IOL -- May 24 -- "How to make money is the problem for every Internet dating company in China," said Zhang Kuan, president of dating site Jiaoyou. Chinese men are increasingly moving from their home towns to large cities where they have a limited social network to find a mate, according to Jason Tian, CEO Baihe. iResearch estimates the Chinese online dating market could reach $82-million (about R543-million) in 2008. The potential will hinge partly on a migration away from a free business model. "High quality services cannot be free," said Dr Song Li, CEO of SinoFriends. The solution, according to eFriendsNet.com (Yeeyoo.com) CEO, Marine Ma, is to blend social networking and Internet dating services. eFriendsNet (5 million users, $3m irevenue in 2005) charges a subscription fee for enhanced services such as the ability to chat with a potential date by mobile phone using a secure connection that protects both parties' identity.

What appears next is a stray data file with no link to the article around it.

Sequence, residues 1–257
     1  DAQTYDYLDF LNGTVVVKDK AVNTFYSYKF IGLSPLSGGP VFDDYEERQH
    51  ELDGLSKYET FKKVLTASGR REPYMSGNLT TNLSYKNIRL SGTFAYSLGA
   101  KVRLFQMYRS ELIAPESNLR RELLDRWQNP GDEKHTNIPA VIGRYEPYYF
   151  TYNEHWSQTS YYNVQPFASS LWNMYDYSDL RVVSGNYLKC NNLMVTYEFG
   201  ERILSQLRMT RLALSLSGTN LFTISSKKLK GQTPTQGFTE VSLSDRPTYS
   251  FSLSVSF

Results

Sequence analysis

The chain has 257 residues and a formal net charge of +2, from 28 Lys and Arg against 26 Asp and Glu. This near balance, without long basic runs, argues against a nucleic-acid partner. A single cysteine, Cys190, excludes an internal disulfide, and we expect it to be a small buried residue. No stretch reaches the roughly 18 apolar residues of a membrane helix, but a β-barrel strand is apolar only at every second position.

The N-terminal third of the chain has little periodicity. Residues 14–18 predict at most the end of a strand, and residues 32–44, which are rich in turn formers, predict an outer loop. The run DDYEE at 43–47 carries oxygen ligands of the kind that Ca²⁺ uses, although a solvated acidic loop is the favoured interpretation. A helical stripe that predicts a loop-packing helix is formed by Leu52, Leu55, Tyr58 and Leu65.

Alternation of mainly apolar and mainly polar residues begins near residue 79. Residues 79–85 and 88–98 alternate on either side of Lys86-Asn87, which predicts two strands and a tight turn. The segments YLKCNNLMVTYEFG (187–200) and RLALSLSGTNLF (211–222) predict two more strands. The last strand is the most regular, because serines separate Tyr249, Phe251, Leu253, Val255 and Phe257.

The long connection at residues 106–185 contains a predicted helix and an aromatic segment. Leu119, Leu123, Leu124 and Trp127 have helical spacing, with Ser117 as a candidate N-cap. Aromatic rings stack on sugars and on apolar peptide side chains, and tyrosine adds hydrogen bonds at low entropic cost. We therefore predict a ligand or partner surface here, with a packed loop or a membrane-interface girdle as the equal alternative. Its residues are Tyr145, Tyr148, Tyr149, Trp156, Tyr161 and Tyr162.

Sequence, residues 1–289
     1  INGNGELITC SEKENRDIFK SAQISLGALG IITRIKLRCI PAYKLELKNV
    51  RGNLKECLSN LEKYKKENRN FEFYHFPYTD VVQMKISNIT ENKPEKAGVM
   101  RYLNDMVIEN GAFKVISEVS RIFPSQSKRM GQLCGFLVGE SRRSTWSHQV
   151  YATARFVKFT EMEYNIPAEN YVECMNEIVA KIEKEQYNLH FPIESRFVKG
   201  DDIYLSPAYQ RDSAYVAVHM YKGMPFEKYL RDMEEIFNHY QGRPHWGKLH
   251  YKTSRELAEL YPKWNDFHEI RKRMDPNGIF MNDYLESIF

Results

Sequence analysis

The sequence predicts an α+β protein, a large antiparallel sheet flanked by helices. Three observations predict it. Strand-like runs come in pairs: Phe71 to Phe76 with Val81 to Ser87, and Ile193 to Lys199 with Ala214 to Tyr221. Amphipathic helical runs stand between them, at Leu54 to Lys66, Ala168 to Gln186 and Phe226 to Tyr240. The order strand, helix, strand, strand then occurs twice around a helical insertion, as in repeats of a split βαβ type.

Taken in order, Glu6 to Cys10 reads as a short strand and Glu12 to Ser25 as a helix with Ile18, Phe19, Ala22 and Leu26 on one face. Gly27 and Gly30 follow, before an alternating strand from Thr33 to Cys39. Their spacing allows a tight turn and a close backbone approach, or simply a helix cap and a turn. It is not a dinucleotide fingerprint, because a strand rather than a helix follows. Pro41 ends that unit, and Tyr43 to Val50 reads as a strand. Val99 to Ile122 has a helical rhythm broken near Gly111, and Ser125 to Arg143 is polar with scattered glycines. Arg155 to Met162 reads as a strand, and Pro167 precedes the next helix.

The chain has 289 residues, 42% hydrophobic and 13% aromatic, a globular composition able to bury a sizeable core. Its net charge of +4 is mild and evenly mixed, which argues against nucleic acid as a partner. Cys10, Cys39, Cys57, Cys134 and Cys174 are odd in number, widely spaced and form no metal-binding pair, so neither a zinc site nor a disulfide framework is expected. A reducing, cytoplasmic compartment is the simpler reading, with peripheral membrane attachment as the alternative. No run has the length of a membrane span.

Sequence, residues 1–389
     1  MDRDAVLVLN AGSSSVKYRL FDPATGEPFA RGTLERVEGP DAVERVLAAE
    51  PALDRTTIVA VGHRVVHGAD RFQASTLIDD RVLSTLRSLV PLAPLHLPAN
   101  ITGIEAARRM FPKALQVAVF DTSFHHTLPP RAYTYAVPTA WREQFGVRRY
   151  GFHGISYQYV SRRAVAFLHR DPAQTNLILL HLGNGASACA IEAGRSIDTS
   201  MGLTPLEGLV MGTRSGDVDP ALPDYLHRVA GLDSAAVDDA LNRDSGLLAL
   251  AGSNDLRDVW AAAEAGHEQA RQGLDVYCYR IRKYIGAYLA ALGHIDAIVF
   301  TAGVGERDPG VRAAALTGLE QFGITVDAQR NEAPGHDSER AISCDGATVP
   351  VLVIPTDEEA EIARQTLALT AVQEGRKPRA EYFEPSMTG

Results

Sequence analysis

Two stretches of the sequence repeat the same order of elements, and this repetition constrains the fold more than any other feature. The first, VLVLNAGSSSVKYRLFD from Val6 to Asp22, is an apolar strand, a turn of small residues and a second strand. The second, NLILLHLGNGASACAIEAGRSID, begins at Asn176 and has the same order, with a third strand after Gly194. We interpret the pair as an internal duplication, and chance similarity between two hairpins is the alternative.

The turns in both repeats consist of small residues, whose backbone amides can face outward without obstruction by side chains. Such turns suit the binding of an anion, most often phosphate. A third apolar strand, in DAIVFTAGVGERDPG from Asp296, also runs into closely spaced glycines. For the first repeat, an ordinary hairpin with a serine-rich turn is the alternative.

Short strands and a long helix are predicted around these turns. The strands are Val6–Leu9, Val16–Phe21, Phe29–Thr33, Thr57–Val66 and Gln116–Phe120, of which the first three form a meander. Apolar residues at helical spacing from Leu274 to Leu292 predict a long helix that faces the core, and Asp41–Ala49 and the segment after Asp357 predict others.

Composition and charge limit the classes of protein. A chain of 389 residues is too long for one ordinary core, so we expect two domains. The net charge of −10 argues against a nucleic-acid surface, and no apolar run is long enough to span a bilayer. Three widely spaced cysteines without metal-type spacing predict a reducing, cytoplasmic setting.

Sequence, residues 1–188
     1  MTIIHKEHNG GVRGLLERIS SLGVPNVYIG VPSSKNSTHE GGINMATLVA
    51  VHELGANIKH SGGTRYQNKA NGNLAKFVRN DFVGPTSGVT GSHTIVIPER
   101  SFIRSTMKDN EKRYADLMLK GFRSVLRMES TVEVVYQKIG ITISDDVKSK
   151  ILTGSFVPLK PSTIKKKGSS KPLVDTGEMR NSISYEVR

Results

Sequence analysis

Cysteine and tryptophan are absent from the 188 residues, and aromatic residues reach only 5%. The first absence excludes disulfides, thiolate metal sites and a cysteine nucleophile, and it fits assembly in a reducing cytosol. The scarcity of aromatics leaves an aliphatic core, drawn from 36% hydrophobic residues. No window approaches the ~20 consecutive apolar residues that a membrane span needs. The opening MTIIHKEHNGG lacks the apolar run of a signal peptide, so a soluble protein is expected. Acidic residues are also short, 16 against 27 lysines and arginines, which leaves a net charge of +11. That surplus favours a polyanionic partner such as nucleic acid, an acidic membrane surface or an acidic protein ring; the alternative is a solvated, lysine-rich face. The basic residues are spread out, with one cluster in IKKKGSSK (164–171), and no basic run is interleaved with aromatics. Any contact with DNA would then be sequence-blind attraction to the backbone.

The full article was originally published at Iol, but is no longer available.
Mark Brooks: Dr Li encouraged the Chinese dating industry to start charging for their services at the Asian internet dating convention.